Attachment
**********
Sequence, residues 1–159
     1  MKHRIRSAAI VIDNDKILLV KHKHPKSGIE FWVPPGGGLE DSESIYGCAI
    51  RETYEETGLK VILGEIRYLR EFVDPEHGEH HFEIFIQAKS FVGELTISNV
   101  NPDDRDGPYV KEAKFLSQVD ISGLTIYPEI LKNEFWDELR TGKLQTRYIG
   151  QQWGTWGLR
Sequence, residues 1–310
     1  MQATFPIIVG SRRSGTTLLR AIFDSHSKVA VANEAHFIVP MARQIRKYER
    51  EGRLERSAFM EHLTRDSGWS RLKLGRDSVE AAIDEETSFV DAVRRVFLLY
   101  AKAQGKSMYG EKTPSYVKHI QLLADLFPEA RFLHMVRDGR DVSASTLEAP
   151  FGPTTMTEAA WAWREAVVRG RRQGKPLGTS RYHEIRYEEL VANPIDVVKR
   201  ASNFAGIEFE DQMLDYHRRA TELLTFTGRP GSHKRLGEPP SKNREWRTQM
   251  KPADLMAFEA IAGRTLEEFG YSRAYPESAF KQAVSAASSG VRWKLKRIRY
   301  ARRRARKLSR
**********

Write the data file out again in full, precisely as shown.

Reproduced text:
Sequence, residues 1–159
     1  MKHRIRSAAI VIDNDKILLV KHKHPKSGIE FWVPPGGGLE DSESIYGCAI
    51  RETYEETGLK VILGEIRYLR EFVDPEHGEH HFEIFIQAKS FVGELTISNV
   101  NPDDRDGPYV KEAKFLSQVD ISGLTIYPEI LKNEFWDELR TGKLQTRYIG
   151  QQWGTWGLR
Sequence, residues 1–310
     1  MQATFPIIVG SRRSGTTLLR AIFDSHSKVA VANEAHFIVP MARQIRKYER
    51  EGRLERSAFM EHLTRDSGWS RLKLGRDSVE AAIDEETSFV DAVRRVFLLY
   101  AKAQGKSMYG EKTPSYVKHI QLLADLFPEA RFLHMVRDGR DVSASTLEAP
   151  FGPTTMTEAA WAWREAVVRG RRQGKPLGTS RYHEIRYEEL VANPIDVVKR
   201  ASNFAGIEFE DQMLDYHRRA TELLTFTGRP GSHKRLGEPP SKNREWRTQM
   251  KPADLMAFEA IAGRTLEEFG YSRAYPESAF KQAVSAASSG VRWKLKRIRY
   301  ARRRARKLSR